Well, you could always spend your time in Russia eating fast food like McDonald’s or Dunkin’ Donuts. It’d be a shame to be in a country and eat stuff that you can get anywhere in the world.
It’s probably a better idea to go to proper restaurants than to eat street food. There’s no service charge like you get in Italy and you’re free to leave a tip or not, unlike in the United States where it’s pretty much obligatory.
That said, there are Russian chains as well if you want to eat on a budget:
There are tonnes of different Russian specialities, but you should definitely try the following:
There are pelmenis for all tastes.
So how much does this cost?
For around £1.50 you can get a pierogi and a pelmeni and a beer for around £4. You don’t need a lot of to get food in Russia. On the other hand, you’ll end up paying up to three or four times the cost if you end up going to a chic restaurant.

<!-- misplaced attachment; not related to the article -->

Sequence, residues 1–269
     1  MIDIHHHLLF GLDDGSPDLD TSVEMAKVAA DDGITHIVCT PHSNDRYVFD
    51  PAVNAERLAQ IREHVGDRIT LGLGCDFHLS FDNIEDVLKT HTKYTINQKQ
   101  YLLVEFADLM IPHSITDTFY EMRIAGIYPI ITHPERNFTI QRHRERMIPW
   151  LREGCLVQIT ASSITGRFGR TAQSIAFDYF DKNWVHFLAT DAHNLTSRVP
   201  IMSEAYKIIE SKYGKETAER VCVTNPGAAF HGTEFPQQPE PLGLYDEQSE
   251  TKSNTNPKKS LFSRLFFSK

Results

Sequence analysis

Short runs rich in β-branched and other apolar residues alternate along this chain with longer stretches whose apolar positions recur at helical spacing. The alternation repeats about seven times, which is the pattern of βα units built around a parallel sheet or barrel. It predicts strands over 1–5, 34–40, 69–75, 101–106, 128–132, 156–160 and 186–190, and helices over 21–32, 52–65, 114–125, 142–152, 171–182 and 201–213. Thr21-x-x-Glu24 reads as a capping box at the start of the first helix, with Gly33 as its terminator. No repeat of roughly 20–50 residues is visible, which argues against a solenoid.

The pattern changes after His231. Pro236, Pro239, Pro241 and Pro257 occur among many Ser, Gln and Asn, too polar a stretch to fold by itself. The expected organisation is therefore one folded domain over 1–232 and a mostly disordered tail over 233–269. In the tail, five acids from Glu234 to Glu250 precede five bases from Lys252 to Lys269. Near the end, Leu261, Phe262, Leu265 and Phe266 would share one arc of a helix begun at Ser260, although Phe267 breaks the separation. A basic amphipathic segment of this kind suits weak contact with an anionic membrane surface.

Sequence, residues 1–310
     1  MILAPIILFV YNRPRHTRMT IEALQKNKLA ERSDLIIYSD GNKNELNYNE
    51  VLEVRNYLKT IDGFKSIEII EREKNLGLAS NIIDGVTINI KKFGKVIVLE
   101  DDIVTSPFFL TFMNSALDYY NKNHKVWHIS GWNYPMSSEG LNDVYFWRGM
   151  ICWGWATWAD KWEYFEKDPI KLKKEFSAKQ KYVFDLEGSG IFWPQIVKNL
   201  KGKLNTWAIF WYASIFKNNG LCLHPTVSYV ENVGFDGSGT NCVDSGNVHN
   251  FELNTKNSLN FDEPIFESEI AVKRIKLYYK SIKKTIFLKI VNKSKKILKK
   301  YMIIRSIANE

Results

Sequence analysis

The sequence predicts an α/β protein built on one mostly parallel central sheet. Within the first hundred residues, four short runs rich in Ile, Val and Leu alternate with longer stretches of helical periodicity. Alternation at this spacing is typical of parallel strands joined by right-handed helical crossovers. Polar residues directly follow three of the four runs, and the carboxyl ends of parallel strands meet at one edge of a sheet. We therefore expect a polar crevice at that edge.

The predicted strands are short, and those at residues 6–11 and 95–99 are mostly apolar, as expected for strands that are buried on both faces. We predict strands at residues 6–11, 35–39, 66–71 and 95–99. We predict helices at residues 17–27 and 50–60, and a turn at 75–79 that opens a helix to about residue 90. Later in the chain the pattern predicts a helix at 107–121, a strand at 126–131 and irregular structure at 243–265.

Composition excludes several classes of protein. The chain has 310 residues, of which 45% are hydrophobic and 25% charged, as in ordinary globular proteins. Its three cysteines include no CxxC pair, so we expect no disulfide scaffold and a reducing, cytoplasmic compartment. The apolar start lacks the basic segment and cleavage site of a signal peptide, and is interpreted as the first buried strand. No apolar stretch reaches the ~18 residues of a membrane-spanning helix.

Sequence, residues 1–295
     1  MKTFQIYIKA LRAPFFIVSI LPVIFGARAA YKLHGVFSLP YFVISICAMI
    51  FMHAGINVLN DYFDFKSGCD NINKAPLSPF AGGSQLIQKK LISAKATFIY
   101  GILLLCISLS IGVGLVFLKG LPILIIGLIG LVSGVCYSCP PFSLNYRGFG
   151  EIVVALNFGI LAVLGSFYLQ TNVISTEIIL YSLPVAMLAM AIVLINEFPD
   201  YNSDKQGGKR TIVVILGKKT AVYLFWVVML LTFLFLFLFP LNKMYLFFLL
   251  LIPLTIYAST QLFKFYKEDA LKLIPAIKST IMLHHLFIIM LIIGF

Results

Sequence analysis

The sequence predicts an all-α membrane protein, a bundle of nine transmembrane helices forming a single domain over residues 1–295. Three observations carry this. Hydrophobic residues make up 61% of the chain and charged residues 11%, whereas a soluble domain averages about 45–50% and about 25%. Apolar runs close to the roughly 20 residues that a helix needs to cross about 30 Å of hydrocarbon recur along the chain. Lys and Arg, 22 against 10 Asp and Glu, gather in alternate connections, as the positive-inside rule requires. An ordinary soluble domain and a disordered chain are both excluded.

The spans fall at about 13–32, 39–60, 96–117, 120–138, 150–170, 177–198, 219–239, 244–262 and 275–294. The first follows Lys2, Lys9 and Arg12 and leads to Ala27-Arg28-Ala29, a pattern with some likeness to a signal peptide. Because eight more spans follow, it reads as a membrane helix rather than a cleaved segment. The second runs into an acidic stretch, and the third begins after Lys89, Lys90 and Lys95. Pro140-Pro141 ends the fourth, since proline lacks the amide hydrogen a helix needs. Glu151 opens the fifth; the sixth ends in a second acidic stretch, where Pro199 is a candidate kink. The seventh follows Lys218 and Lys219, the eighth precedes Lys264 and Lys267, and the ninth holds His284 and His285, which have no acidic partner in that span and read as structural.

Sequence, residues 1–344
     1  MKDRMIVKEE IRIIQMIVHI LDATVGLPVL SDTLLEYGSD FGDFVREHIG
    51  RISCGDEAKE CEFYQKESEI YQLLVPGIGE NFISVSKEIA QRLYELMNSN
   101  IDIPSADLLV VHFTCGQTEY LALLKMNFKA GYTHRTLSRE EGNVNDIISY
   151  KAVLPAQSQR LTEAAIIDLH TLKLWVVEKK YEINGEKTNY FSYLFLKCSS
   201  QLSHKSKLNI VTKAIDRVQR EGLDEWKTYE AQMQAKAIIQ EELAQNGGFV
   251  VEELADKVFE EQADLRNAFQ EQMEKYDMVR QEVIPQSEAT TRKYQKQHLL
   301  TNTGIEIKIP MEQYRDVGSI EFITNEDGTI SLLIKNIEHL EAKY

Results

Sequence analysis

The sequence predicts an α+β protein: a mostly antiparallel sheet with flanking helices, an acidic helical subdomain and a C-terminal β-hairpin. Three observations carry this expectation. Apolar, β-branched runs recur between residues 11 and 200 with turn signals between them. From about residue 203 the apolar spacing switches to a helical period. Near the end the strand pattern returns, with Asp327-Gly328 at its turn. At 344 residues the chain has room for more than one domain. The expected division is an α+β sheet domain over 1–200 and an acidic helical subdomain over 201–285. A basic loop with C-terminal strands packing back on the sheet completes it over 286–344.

You’ll be looking at around £20 per person if you want to eat in a decent restaurant. Things can go up to £30 per head if you go somewhere really nice.
There are plenty of things to do in Russia. It is the biggest country in the world, after all! There are thousands of activities in Moscow, Saint Petersburg, and hundreds in Kazan according to TripAdvisor.
If you want to see the ballet, you’re going to have to budget for it. (Source: skeeze)
Of course, not everything you can do in Russia is free. This depends on what you’ll do. There’s no limit to what you can do in Russia. Other than your budget, that is…